Mazzaglia told investigators neither he nor McDonough tried to revive Marriott or summon help. Instead, he told them, he put a grocery bag over her head and tied it at the neck.
A police affidavit describes interviews with another couple McDonough called the night Marriott died.
Roberta Gerkin said McDonough sounded “shaken” when she called asking Gerkin to come over at 10:49 p.m. When Gerkin and her housemate arrived, they both told police they saw a white female lying on the floor, a grocery bag tied over her head.
Gerkin told investigators when she used a box cutter to remove the bag, the woman’s face was blue. Gerkin and her housemate told investigators they overheard the couple talking about “dumping the body.”
Mazzaglia told investigators he and McDonough used Marriott’s 2001 Mazda to take her body to Peirce Island in Portsmouth, where they threw it and her cellphone into the Piscataqua River. When Marriott’s torso remained above water, he said, McDonough went into the water and pushed it under, making a joke about “Davy Jones’ locker.”
The pair then drove Marriott’s car to UNH, left it in a student lot and discarded her belongings in trash bins, authorities allege.
Mazzaglia was arrested Oct. 13 — a day after he was interviewed — and McDonough on Christmas Eve. He is being held without bond, charged with first-degree murder. She has been indicted on charges of conspiracy and hindering prosecution. She was released on $35,000 bond on the condition she live with her parents in Portsmouth.
Trial dates haven’t been set for either defendant.
Los Angeles Deputy District Attorney John Lewin, who has secured five first-degree murder convictions in all five “no-body” homicides he’s tried, said such cases can sometimes give prosecutors greater latitude at trial to explore the character of the victim — showing how she wouldn’t voluntarily leave family, friends and career behind.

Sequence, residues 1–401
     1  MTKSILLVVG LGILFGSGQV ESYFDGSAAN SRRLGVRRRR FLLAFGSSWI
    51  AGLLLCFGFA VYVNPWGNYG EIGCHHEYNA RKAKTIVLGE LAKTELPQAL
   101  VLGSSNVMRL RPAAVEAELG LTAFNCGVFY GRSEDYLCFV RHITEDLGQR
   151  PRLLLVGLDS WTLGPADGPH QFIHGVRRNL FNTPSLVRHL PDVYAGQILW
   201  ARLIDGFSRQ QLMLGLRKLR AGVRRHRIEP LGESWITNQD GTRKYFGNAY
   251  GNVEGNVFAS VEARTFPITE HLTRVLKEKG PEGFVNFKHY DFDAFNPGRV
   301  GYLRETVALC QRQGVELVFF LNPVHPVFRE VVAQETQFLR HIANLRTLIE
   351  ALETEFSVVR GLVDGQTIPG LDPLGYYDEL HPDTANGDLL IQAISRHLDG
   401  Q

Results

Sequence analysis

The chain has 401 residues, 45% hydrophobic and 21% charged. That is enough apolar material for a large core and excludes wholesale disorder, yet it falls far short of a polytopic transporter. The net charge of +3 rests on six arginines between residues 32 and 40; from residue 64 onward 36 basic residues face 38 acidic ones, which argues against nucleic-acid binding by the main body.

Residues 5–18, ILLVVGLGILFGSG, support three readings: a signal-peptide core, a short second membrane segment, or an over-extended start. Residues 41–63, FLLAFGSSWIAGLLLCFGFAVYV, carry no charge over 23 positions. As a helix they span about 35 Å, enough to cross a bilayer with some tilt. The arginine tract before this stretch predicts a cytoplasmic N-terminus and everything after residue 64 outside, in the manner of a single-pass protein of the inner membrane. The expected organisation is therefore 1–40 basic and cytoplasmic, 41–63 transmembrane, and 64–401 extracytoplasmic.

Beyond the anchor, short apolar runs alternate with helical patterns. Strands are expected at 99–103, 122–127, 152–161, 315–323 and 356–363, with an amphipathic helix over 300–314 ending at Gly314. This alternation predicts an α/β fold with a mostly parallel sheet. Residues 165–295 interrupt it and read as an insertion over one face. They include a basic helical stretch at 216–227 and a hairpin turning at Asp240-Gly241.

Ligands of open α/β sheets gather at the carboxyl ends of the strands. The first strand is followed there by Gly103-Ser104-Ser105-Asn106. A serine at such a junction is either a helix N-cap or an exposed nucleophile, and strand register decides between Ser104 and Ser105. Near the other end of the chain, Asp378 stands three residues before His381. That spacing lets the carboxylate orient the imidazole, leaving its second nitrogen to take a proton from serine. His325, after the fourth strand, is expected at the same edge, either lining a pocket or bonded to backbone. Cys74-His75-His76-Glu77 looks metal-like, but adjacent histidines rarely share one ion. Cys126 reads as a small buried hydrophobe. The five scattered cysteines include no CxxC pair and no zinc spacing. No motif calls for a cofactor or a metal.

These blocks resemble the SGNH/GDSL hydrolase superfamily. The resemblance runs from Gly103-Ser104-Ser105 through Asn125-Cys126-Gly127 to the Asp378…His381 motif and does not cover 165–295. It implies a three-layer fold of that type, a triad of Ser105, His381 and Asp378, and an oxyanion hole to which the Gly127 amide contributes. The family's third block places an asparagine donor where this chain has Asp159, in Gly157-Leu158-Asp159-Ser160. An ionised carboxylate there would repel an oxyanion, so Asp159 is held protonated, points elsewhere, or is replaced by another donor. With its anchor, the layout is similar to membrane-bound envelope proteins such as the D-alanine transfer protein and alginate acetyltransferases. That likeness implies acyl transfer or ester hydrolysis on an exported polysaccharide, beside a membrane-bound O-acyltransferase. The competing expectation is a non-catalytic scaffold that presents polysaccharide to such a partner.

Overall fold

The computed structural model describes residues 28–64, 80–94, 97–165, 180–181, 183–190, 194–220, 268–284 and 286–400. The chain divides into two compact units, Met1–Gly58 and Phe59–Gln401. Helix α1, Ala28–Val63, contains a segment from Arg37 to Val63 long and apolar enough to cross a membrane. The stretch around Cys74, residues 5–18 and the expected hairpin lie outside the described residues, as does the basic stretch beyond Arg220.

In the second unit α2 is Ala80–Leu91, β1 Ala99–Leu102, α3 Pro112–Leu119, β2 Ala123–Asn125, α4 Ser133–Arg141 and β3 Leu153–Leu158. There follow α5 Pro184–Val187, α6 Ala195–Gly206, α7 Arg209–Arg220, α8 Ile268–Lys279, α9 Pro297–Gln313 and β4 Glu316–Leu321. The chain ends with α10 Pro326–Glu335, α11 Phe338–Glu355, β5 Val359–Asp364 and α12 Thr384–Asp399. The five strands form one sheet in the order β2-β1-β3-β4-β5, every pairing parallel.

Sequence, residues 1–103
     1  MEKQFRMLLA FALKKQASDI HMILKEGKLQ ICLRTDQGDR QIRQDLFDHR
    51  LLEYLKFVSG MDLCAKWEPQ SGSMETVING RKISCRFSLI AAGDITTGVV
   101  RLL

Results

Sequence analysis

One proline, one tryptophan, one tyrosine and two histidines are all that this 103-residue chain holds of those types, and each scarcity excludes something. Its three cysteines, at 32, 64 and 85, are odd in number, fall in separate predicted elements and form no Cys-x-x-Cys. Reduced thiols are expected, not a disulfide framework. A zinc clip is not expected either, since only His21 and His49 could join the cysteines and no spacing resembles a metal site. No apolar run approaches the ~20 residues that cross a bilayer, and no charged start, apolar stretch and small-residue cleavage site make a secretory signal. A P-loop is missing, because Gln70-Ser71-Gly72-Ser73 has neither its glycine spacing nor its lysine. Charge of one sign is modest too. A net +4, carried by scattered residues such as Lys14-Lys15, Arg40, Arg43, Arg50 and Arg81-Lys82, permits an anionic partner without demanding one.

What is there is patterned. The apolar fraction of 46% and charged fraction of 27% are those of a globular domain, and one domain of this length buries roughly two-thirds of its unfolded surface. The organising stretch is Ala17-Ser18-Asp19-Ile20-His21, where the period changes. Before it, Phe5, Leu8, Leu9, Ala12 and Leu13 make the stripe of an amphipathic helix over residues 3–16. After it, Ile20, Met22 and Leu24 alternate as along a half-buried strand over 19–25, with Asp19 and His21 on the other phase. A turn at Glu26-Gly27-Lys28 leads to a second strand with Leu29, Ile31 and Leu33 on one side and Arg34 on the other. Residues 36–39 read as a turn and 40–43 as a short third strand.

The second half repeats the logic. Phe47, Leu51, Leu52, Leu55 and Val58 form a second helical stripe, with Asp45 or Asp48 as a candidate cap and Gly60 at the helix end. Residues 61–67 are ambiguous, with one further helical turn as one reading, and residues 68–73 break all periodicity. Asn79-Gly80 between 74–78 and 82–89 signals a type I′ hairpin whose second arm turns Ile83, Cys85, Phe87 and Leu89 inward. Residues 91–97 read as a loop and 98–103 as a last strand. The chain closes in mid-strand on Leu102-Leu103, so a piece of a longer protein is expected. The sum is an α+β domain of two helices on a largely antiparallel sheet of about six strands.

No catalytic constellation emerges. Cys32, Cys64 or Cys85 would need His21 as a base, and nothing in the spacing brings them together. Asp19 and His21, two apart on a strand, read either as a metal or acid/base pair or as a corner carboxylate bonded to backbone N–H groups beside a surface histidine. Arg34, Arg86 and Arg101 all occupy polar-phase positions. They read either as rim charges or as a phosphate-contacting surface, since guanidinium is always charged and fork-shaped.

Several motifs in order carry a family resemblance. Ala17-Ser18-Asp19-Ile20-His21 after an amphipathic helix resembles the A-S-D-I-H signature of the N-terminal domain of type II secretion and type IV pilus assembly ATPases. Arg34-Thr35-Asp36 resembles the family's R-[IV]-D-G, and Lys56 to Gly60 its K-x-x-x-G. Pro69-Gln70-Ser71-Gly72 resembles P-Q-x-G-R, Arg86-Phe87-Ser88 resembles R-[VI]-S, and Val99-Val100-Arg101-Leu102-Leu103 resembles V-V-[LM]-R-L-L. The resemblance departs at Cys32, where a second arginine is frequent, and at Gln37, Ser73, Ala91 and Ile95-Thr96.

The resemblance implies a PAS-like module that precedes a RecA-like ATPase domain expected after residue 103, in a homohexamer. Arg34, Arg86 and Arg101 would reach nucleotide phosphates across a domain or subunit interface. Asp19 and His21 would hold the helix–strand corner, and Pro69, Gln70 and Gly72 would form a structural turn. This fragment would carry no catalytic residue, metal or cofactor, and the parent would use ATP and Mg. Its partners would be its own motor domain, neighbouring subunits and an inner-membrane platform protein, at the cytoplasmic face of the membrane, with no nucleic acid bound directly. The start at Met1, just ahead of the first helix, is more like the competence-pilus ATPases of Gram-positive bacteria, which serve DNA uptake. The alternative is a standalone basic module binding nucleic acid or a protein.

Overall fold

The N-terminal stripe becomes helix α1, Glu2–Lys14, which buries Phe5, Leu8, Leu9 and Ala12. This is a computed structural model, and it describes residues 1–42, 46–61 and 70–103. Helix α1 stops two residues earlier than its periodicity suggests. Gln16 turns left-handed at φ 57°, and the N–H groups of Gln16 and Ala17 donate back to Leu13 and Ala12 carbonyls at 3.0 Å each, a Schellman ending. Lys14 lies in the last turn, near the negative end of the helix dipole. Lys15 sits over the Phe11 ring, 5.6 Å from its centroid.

While he would not discuss the Marriott case, he said defendants often convict themselves by giving multiple stories of what happened.
“You only have so much credibility,” Lewin said. “You can’t come in and argue five different things. But I want a jury to believe him because, when they find out half an hour later from his own mouth that he’s a liar, it’s three times as bad.”
Attorneys for Mazzaglia and McDonough did not return calls seeking comment, nor did a lawyer for McDonough’s parents.
Marriott’s family has declined to discuss her death. Through a family spokesman, they have railed at that notion she died during consensual sex with Mazzaglia. Prosecutors say there was nothing consensual about Marriott’s death but won’t say what evidence they have to back up their contention.
Family members describe Marriott as “gullible” — someone who easily could be taken advantage of because of her trusting nature. One family friend from Westborough, Mass., where Marriott grew up, called her naive.
“She was just a good girl. That’s probably what got her in trouble,” Dawn Downey said. “She was too trusting and she was beautiful. Those two things will kill you.”
Copyright 2013 The Associated Press.